A trip down memory lane with Simon Weatherill
In the latest of our Memory Match series, we go back to the home game against Northampton Town on August 16th 1980.
The first game of a brand new season is always a time of great optimism. Everyone starting on zero points and feeling that this year could be their year. 1980/81 was no exception for Darlo.
The Quakers had been busy during the summer. The previous season had finished with yet another application for re-election. We had been safely re-elected, along with Hereford, Crewe and Rochdale. (Although Rochdale had survived by the skin of their teeth, beating Altrincham by only one vote.) Manager Billy Elliott reacted by releasing eleven players and vowing that from now on, Darlington would rely on a much smaller, younger playing staff. Clive Nattress, Jimmy Cochrane, Derek Craig, Dave Crosson, Ron Ferguson, Phil Owers, John Peachey, Phil Taylor, Peter Bainbridge, Bryan Kent and Keith Coleman were all released. Elliott also scrapped the reserve team and replaced it with a new youth team under the stewardship of former Sunderland defender Ritchie Pitt. The team (which included Fred Barber and Brian Honour) would compete in the Northern Intermediate League.
Only four new signings were made before the season kicked off. Goalkeeper Pat Cuff was signed from Millwall, defenders Alan Kamara and Peter Skipper came from York and Hull respectively, and midfielder David Speedie from Barnsley. All four of them made their league debuts for the club in the opening day fixture against Northampton. Only Cuff and Harry Charlton were over the age of 24 in a very young, inexperienced side, which was captained by Donald Ball, at 18, the youngest captain in the Football League.
In the Feethams sunshine, Darlington won the game 1-0 with a John Stalker goal just before half time, in front of 1763 fans. It was the start of what was to be a much better season for the Quakers, eventually finishing in 8th place, with 49 points. (2 points for a win in those days, don’t forget.) The much improved league position was due in no small part to our potent strike force of Alan Walsh and John Stalker, who managed 40 goals between them throughout the season, Walsh with 23 and Stalker with 17.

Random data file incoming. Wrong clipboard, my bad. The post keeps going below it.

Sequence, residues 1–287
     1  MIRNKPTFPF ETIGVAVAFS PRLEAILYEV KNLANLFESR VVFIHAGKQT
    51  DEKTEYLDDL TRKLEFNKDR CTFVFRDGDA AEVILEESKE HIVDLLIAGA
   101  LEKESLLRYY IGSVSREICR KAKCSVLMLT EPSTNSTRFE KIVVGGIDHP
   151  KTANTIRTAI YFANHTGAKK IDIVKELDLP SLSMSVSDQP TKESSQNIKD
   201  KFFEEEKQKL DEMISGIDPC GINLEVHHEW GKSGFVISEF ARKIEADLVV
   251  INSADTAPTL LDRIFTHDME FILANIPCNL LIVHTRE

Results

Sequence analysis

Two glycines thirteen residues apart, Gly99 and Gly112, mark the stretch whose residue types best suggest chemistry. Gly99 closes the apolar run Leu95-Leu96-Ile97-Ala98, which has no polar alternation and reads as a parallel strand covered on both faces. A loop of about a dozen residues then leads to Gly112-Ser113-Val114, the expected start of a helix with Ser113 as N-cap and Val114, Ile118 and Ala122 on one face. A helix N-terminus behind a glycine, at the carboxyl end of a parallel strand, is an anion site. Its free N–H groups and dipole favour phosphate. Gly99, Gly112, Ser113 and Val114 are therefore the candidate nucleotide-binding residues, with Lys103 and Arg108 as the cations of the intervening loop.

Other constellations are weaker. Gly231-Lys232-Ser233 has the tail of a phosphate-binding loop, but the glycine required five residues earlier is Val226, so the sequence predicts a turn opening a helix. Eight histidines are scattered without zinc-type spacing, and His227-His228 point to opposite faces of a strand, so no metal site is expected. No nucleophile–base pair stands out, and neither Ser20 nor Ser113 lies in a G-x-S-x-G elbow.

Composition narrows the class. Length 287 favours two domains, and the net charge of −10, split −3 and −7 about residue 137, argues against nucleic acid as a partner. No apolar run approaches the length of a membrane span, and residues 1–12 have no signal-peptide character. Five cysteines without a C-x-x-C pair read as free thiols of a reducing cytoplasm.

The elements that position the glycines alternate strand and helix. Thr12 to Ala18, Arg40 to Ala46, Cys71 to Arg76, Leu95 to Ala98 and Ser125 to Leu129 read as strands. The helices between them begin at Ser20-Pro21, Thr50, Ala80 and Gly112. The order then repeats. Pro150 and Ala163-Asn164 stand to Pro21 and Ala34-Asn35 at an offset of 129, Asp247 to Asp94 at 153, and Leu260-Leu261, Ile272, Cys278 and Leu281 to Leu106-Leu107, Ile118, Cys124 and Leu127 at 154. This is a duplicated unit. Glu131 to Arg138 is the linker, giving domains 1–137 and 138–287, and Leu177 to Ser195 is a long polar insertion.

Attendances hovered around the 2000 mark for much of the season, but ended with an average of 2537, due mainly to 7155 for the derby game with Pools, and several better crowds when we experimented with Sunday football. We were actually the first club in the country to try Sunday football, and had to have it specially sanctioned at a Football League meeting. It was in an attempt to avoid fixture clashes with Middlesbrough, Sunderland and Newcastle and so improve attendances. It seemed to work as well. 5932 turned out for the first Sunday fixture against Mansfield, followed by 3491 v Hereford and 3631 v Torquay. So the Quakers were pioneers in introducing Sunday football to the nation, long before Sky had even been thought of!! Adult admission to Feethams was £1.20 in the 1980/81 season, although charging admission wasn’t allowed on a Sunday, so the club charged £1.20 for a team sheet, which automatically gained you entrance to the ground.
Team v Northampton : Pat Cuff, Alan Kamara, Dave McLean, Donald Ball, Peter Skipper, David Speedie, Dave Hawker, Harry Charlton, John Stalker, Ian Hamilton, Alan Walsh. Sub Kevan Smith (not used).
The programme for the 1980/81 season consisted of 16 pages, with minimal advertising and some interesting features. It was printed by Parkgate Press in Borough Road and cost 20p for the first half of the season, later rising to 25p. Regular features were Billy Elliott’s column, club secretary’s notes by Dave Thorne, two pages introducing our visitors, a profile page on a different player each week, numerous photos from previous games, results and statistics for the first and youth teams and the team line-ups. Frank Tweddle also wrote a column about previous encounters with our opponents and a review of what was happening elsewhere in Division Four. He also contributed a very interesting occasional item entitled Looking Back, covering a piece of Darlington history.